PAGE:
Twentieth Century Radicalism in Minnesota Oral History Project: Interview with Bertha Weiss
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Description BIOGRAPHICAL INFORMATION: Bertha Weiss was born in 1907 in Poland. She came to the U.S. with her family, who were Jewish political refugees, in 1914. They settled in Minneapolis. While she was growing up, her father worked as a book binder, though after she graduated from North High School (1925), Frank and Rose Weiss opened up a grocery store. Bertha helped them in the grocery business as well as working in the needle trades. Ms. Weiss joined the Young Communist League while she was still in high school, and then the Communist Party. As a member of the united Garment Workers, she was a delegate to the Minneapolis Central Labor Union in the late 1920s, and later joined the International Workers Defense. In 1933 or 1934 she was expelled from the CP. About three years later she married, and she and her husband bought their own grocery store. Since her husband was African American, Ms. Weiss occupied a unique social niche between the Jewish and black communities. In 1946 the couple purchased land outside Crosby, Minnesota, and over the next few years built a resort there. During the winters they lived in Minneapolis, where Ms. Weiss worked as a tailor and then as an assistant to the editor of the Twin Cities Observer. Her husband ran his own construction business, later in partnership with their only son. The resort, Patton's, became a vacation spot for Twin Cities African Americans. At the time of the interview, Ms. Weiss was retired and living in Minneapolis. SUBJECTS DISCUSSED: Jewish radicals associated with the Morgen Freiheit in Minneapolis, and Jewish sympathizers with the Communist Party. Split in the CP which led to the formation of a Trotskyist group in Minneapolis, 1928-1929. Succession of CP district organizers for Minnesota, 1920s and 1930s. Activities of the International Labor Defense in Minneapolis, especially on behalf of the Scottsboro Boys. Memories of the radical Jewish community on the north side of Minneapolis, 1920s. Discrimination against African Americans in Minneapolis, 1930s. African Americans in the CP. Activities at the Phyllis Wheatley Settlement House, 1930s. Employment opportunities for African Americans during the Second World War; efforts of the Urban League to find jobs; Federal Cartridge Corporation; activities of African American newspaper editors to find jobs for black workers. Memories of the Sumner Field Home Project. Relations between Jewish and African Americans on the north side, 1930s and 1940s. Activities of the Unemployed Councils: hunger marches, advocacy for people getting welfare. Expulsion from the Communist Party. Fears about the possible repercussions of her political activities on her son. Organizing for the Workers and Farmers Cooperative Unity Alliance on the Iron Range, 1930s. African Americans living in rural Minnesota, 1930s and 1940s. Resorts in the Crosby area, especially those run by African Americans, 1920s-1950s. Racism in rural Minnesota, 1940s. COMMENTS ON INTERVIEW: Ms. Weiss requested that her birthname be used throughout, as she was still sensitive about her former membership in the Communist Party and the effect it could have on her son. The interview rambles somewhat towards the end. There is a lot of microphone noise on the tapes, and Ms. Weiss tapped emphatically and often, which makes the interview hard to hear. The spellings of quite a few names could not be verified for the transcript.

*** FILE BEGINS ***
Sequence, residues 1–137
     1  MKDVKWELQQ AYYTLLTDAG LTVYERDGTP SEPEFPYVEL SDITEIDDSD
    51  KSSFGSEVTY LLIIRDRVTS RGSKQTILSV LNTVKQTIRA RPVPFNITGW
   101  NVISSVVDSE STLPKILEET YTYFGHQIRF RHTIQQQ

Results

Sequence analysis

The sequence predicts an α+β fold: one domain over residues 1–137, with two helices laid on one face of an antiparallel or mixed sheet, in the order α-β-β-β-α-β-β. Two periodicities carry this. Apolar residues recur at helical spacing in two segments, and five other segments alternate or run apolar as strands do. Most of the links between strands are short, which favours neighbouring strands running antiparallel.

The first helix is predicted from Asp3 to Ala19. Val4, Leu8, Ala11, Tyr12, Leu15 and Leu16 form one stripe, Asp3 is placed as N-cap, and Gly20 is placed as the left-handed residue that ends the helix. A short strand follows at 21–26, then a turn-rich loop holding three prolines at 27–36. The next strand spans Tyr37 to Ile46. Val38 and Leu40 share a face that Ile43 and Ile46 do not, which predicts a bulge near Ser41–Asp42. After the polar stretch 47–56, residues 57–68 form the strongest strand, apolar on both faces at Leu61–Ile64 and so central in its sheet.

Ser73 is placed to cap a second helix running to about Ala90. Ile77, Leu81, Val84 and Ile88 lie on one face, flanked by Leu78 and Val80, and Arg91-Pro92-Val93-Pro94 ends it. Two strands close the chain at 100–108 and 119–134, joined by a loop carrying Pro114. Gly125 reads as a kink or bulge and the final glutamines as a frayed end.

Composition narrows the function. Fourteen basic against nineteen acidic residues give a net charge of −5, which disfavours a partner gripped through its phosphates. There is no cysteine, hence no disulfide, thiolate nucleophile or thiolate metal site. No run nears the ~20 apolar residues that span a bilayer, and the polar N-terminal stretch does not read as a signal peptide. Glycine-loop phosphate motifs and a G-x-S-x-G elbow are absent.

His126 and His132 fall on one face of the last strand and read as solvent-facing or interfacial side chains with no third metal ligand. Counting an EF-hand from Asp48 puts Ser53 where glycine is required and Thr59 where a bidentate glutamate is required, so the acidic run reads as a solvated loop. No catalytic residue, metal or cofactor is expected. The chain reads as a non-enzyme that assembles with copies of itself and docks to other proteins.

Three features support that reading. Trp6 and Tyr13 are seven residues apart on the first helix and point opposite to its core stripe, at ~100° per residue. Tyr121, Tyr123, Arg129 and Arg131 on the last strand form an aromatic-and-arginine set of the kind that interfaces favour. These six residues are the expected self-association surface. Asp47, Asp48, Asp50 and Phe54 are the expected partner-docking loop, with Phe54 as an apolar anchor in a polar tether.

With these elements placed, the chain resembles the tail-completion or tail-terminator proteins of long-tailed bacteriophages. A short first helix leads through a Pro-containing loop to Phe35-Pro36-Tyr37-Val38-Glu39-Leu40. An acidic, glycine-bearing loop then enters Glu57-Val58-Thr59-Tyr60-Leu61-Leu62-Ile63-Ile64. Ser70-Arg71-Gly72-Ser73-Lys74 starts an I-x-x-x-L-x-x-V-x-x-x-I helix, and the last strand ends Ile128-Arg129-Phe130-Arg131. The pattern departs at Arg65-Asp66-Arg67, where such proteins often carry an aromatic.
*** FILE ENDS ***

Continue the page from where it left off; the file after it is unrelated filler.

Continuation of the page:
Quantity 2 hours sound cassette
32 pages transcript
Format Content Category: sound recordings
Content Category: text
Measurements 01:40:26 running time
Creation Interviewee: Weiss, Bertha
Interviewer: Ross, Carl E.
Made in Minneapolis, Hennepin County, Minnesota, United States
Subjects Made in Minneapolis, Hennepin County, Minnesota, United States
Dates Creation: 12/14/1988
Holding Type Oral History - Interview
Identifiers OH 30
Accession Number AV1990.228.41
More Info MHS Library Catalog
Related Collections Oral History - Project, MHS Collection, project: 'Twentieth Century Radicalism in Minnesota Oral History Project'

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